Electronic Thesis and Dissertation Repository


Doctor of Philosophy




MacDougall-Shackleton, Elizabeth A.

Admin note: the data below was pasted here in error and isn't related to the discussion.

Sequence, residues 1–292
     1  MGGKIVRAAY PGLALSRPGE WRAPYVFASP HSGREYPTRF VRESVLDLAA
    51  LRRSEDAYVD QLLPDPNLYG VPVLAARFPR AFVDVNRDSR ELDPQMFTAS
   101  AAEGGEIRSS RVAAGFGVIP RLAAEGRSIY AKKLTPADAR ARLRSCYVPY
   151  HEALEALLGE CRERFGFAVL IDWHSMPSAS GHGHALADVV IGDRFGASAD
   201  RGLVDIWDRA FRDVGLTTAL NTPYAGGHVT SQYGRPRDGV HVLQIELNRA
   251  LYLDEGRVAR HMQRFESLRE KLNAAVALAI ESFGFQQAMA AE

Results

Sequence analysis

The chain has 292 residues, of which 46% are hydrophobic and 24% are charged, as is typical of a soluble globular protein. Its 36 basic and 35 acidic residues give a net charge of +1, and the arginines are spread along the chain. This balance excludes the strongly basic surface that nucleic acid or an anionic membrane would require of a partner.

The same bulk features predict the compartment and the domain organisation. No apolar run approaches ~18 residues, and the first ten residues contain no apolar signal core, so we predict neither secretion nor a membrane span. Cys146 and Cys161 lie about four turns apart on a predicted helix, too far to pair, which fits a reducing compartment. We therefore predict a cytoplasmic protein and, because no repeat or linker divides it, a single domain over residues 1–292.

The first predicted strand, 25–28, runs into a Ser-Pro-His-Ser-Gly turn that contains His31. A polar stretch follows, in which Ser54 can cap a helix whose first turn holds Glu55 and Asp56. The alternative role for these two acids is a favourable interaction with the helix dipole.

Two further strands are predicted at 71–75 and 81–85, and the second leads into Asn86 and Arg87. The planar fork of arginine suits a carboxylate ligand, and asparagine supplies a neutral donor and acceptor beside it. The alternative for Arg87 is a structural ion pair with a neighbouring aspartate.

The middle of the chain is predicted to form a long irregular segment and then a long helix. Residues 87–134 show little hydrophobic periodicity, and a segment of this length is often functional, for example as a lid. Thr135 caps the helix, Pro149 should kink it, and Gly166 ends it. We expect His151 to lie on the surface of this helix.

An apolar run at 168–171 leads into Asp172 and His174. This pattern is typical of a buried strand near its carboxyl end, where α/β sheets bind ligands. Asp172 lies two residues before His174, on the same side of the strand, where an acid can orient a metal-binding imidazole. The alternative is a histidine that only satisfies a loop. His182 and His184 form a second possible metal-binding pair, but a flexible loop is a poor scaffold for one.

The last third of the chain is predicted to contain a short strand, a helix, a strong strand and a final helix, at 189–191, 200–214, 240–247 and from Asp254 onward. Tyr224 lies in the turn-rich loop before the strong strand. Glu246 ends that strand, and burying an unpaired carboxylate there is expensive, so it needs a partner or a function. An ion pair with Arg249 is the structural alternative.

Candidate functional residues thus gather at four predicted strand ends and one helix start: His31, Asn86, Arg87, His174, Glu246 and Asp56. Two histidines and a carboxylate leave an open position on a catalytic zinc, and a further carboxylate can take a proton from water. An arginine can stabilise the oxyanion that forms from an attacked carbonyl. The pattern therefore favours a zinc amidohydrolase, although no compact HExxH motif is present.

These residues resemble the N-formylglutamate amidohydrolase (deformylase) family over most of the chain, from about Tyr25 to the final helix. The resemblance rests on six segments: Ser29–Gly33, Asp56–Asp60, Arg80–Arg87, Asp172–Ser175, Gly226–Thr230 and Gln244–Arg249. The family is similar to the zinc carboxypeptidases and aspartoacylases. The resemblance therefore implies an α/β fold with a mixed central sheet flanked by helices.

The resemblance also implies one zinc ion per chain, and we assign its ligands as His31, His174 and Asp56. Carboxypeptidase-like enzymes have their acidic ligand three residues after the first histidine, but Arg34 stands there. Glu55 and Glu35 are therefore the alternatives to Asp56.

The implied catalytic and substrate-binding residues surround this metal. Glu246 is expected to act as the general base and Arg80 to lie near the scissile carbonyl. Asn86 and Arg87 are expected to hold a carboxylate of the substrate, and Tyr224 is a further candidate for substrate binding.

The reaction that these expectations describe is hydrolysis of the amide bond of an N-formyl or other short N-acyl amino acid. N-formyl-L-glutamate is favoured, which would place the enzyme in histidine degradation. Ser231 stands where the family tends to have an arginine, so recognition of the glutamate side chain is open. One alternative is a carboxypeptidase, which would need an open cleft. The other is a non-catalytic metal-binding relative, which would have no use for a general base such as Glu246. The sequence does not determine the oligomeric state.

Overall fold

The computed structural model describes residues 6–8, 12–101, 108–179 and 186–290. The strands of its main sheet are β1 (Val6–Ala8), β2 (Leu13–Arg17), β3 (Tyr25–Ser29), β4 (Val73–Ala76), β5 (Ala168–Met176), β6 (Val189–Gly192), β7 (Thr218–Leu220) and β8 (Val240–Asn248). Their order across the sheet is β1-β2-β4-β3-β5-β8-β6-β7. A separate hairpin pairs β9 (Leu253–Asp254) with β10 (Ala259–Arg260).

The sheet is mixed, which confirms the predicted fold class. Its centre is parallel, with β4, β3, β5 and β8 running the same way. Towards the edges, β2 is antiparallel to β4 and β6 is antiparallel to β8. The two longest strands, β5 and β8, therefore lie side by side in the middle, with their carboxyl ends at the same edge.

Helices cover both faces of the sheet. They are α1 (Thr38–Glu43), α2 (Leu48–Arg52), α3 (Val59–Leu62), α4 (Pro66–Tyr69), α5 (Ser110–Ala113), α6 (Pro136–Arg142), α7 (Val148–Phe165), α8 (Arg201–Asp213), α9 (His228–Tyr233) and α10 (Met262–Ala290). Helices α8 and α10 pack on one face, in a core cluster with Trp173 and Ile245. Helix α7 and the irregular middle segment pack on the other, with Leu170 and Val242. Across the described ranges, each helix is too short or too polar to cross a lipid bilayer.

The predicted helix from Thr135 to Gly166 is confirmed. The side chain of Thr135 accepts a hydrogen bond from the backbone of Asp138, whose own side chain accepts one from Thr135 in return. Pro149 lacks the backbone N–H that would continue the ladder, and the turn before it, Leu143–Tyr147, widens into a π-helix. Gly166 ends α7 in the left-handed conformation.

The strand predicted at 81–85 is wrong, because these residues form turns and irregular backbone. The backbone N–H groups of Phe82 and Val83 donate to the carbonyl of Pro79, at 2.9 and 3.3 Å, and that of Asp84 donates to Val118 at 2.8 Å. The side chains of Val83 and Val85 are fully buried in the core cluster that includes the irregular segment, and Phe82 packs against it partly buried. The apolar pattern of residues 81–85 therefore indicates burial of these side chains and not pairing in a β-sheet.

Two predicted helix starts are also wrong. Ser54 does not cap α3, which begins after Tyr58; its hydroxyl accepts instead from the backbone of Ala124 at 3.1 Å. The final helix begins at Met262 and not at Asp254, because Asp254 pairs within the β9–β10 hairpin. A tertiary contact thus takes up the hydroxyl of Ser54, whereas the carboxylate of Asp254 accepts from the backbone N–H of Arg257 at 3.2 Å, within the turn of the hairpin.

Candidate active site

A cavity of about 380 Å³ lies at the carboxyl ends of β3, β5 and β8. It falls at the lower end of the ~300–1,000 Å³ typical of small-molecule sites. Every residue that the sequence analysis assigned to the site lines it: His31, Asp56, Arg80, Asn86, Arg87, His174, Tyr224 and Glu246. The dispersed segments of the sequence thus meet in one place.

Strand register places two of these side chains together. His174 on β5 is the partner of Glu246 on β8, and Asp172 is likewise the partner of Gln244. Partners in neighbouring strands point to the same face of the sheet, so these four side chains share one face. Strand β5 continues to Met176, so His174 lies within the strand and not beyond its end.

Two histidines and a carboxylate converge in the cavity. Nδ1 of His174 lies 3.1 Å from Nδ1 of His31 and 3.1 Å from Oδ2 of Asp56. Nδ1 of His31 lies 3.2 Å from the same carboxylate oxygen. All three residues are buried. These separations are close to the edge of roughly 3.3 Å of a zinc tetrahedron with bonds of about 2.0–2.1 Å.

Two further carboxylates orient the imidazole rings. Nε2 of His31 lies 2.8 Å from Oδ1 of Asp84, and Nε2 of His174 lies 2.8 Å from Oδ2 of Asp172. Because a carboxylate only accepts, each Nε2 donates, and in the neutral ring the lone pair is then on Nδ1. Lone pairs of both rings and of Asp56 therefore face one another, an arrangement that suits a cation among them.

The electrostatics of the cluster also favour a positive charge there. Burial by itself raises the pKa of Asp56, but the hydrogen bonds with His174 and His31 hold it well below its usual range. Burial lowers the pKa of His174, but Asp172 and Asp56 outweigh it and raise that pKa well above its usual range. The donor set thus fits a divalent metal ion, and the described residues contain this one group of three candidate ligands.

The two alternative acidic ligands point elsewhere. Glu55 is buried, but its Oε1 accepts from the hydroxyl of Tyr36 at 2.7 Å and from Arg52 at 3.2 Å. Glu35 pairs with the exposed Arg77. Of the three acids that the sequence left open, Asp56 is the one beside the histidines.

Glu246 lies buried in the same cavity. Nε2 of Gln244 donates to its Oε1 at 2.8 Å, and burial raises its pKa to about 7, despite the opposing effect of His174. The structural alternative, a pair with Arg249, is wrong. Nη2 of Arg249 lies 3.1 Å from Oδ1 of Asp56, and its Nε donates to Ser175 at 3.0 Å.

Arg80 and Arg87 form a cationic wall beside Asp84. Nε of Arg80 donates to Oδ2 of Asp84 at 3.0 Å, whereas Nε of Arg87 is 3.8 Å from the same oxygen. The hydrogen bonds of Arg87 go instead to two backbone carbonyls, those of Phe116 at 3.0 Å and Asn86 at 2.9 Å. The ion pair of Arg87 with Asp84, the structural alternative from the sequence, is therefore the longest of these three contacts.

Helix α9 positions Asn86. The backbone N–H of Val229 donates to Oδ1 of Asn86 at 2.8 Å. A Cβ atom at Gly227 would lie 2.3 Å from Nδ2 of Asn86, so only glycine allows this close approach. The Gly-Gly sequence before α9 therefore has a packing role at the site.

In recent years, sexual selection theory has redefined genetic quality to consider not only additive genetic effects on fitness but also non-additive genetic effects, such as heterozygote advantage or disadvantage. In jawed vertebrates, the major histocompatibility complex (MHC) gene family has been shown to exhibit both additive and non-additive genetic effects on fitness. MHC gene products are involved in initiating adaptive immune responses, and MHC genotype determines the range of pathogens to which an individual can respond. Therefore, parasite-mediated selection at MHC may favour locally-adapted, rare, or particular combination of alleles. Because heterozygote advantage at MHC is widespread, sexual selection should favour mechanisms by which individuals assess the MHC genotypes of potential mates, and mate non-randomly. Studies exploring the role of MHC in immunity and sexual selection are widespread amongst mammals and fish, but in birds (especially songbirds) there is relatively scant evidence for MHC-mediated mating and the mechanism by which this might be accomplished remains unknown. First, I assessed differentiation at MHC class I and II that might underlie locally-good gene effects in two populations of song sparrows (Melospiza melodia) previously shown to exhibit higher resistance to sympatric malaria (Plasmodium) strains. I found no population differentiation, suggesting no locally-good gene effects at MHC, but individuals with higher class I diversity were less likely to be infected when experimentally inoculated with Plasmodium. Second, I explored whether song sparrows convey information on MHC class II genotype through chemical (preen oil) or auditory (birdsong) cues. Pairwise similarity at MHC was related to pairwise similarity of preen oil chemical composition, but not to pairwise similarity in song repertoire content. Song repertoire size, a sexually selected trait in this species, was nonlinearly related to MHC diversity, such that males with intermediate MHC diversity sang the most songs. Finally, to investigate MHC-mediated mate choice, I compared MHC similarity of socially mated pairs of free-living song sparrows to random expectations. Contrary to my prediction of MHC-disassortative mating, social pairs were more similar at MHC than expected by chance. This work emphasizes the importance of considering mate choice in the context of fitness effects at MHC.